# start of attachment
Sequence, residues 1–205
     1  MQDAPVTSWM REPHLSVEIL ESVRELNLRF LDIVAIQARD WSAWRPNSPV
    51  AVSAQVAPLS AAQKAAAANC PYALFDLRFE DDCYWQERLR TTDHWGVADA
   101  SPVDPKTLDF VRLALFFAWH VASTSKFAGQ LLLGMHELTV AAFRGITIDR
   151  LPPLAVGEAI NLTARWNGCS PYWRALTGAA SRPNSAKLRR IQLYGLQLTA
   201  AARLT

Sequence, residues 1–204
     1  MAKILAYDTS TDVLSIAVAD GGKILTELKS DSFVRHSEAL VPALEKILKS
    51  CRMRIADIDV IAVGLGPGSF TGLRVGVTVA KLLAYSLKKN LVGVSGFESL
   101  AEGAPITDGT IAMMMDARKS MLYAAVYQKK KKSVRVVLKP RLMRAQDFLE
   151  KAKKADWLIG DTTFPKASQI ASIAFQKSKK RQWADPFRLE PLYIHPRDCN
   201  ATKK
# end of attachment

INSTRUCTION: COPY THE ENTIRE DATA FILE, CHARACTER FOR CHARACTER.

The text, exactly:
Sequence, residues 1–205
     1  MQDAPVTSWM REPHLSVEIL ESVRELNLRF LDIVAIQARD WSAWRPNSPV
    51  AVSAQVAPLS AAQKAAAANC PYALFDLRFE DDCYWQERLR TTDHWGVADA
   101  SPVDPKTLDF VRLALFFAWH VASTSKFAGQ LLLGMHELTV AAFRGITIDR
   151  LPPLAVGEAI NLTARWNGCS PYWRALTGAA SRPNSAKLRR IQLYGLQLTA
   201  AARLT

Sequence, residues 1–204
     1  MAKILAYDTS TDVLSIAVAD GGKILTELKS DSFVRHSEAL VPALEKILKS
    51  CRMRIADIDV IAVGLGPGSF TGLRVGVTVA KLLAYSLKKN LVGVSGFESL
   101  AEGAPITDGT IAMMMDARKS MLYAAVYQKK KKSVRVVLKP RLMRAQDFLE
   151  KAKKADWLIG DTTFPKASQI ASIAFQKSKK RQWADPFRLE PLYIHPRDCN
   201  ATKK